The new iPhone 6s and 6s Plus were launched on September 25th, and just three days later Apple announced a new sales record: 13 million units were sold on the first weekend, "blowing past any previous first weekend sales results in Apple's history," said Apple CEO Tim Cook in a press release that was peppered with Apple's typical euphemisms and superlatives like "best product" and "most advanced OS ever". But while the bragging is a turn-off, even its harshest critics must acknowledge that Apple is doing something right if it can sell within three days as many high-priced flagships as other manufacturers manage in six months. The question is: what's the magic this time?


Extra-hard aluminium
It is not the design: the iPhone 6s and 6s Plus look just like their predecessors, which "only" shifted 10 million units in shops. If you take both generations in the hand, however, you can feel a difference: the 6s has gained 14 grammes and now weighs 143 grammes instead of 129, while the Plus version has gone from 172 to 192 grammes. The calliper shows that the housing is also a tiny bit bigger. The differences are so small that they can't be perceived with the naked eye, but they are there: in each direction (height, width, thickness) the housing has grown by 0.1 to 0.2 mm. For example, the iPhone 6s Plus has grown from 7.1 to 7.3 millimetres in thickness. Responsible for the increase is the new 3D touchscreen technology and the harder aluminium alloy. Any smartphone user who has opted for an expensive device with metal housing knows from firsthand experience that aluminium is a relatively soft material. The devices have a classy look and luxurious feel, but are much more scratch-prone than you would think from their robust look. However, contrary to the aluminium-magnesium alloys (6000-aluminium) most commonly used in the industry, Apple has opted for an aluminium-zinc alloy (7000-aluminium) with a significantly higher degree of hardness. The housing is in fact much more scratch and torsion resistant - Apple need not fear another bendgate scandal, where an iPhone was bent with bare hands into the shape of a banana.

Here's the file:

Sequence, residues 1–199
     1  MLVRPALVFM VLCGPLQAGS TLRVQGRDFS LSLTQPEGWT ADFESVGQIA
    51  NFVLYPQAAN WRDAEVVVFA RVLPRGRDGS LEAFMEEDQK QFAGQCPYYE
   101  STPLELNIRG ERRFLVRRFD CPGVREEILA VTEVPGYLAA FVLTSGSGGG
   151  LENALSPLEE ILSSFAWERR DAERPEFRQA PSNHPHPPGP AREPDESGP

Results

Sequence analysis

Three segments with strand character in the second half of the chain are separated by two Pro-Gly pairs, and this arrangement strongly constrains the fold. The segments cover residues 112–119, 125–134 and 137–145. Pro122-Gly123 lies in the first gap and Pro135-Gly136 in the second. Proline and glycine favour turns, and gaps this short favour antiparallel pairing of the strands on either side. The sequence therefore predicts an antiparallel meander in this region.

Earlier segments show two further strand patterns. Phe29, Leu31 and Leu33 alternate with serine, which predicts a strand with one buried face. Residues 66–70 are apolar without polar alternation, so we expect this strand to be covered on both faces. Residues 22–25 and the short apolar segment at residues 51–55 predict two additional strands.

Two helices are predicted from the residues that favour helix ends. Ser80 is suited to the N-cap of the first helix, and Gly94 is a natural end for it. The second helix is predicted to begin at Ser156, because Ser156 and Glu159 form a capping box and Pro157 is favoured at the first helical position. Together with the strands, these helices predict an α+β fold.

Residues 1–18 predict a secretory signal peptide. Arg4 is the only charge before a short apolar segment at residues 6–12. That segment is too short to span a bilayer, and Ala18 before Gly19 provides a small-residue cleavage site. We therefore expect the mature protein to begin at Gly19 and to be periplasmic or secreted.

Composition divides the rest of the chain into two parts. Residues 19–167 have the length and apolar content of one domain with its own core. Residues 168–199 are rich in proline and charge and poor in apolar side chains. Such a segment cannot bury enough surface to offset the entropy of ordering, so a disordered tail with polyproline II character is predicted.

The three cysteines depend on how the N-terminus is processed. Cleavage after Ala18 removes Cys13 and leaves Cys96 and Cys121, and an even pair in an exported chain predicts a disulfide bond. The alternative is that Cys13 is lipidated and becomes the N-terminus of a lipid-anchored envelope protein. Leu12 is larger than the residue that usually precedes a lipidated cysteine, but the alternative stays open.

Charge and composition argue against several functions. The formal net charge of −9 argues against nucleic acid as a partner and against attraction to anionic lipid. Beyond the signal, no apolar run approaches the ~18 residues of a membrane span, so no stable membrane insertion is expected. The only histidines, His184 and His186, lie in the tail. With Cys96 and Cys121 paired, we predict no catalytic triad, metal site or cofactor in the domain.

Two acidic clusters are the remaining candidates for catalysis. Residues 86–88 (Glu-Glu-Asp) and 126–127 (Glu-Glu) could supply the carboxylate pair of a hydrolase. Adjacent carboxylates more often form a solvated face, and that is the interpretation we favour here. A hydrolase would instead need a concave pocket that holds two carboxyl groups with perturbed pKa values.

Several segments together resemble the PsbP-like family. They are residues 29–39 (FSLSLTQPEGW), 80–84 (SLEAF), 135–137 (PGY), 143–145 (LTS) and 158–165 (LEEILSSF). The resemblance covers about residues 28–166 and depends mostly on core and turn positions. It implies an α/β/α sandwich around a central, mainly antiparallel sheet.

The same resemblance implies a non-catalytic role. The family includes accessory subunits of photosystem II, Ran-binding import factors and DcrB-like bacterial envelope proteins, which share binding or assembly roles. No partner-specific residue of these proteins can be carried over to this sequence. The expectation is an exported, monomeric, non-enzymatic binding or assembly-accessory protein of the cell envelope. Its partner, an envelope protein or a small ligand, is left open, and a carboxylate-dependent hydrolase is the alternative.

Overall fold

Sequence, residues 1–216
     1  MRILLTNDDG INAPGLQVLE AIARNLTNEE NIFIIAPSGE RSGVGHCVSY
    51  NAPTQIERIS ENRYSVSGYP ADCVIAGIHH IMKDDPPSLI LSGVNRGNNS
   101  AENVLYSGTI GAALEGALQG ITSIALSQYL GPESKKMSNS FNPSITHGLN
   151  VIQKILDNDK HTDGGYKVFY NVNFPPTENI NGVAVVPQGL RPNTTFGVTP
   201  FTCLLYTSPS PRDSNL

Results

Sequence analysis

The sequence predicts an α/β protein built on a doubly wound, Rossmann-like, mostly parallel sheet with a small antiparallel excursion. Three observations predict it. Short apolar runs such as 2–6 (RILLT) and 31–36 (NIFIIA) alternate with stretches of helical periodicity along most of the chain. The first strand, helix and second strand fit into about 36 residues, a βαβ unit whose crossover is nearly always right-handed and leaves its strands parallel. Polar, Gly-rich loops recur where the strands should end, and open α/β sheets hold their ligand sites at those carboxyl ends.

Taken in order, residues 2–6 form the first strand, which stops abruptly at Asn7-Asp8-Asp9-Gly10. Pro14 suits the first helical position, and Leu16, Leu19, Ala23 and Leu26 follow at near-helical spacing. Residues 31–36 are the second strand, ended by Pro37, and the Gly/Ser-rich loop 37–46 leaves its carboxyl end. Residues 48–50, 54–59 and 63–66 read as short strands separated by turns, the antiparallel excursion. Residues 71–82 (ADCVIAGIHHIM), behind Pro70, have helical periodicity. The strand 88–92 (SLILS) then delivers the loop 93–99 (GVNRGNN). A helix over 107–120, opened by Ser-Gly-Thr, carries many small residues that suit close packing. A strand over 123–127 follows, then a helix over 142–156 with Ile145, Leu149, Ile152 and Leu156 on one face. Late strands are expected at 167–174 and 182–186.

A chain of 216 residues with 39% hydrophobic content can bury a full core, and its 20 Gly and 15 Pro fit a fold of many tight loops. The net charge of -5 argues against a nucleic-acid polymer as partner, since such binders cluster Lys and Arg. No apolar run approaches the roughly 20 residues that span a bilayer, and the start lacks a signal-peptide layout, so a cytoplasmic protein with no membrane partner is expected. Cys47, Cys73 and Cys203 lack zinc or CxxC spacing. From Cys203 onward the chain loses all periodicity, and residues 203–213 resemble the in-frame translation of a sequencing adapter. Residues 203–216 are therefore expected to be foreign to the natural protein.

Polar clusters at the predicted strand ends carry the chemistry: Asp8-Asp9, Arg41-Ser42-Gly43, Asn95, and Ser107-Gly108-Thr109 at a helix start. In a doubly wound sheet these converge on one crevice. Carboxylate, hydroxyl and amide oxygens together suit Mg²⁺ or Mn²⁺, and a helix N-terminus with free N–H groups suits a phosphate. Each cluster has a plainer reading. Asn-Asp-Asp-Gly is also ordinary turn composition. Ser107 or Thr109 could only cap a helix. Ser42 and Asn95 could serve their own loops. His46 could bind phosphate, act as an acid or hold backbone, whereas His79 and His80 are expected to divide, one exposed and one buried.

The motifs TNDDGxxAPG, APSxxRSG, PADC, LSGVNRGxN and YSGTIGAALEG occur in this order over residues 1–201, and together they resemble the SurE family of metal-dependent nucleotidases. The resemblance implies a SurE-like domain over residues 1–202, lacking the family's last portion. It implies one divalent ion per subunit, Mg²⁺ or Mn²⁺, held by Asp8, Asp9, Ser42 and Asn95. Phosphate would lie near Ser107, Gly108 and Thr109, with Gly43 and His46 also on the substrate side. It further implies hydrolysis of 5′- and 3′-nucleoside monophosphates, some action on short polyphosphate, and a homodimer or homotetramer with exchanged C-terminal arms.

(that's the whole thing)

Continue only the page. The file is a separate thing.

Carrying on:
Of course, the higher weight is a disadvantage which is felt especially in longer use, but this drawback is compensated by the higher stability and value it offers. All the more so as the workmanship boasts the high quality that is typical of Apple. The transitions of the curved glass of the front to the frame are almost seamless, all openings are positioned with an accuracy of up to a tenth of a millimetre. What is missing however is a waterproof housing according to IP standards, a perk that Sony has afforded for its flagship.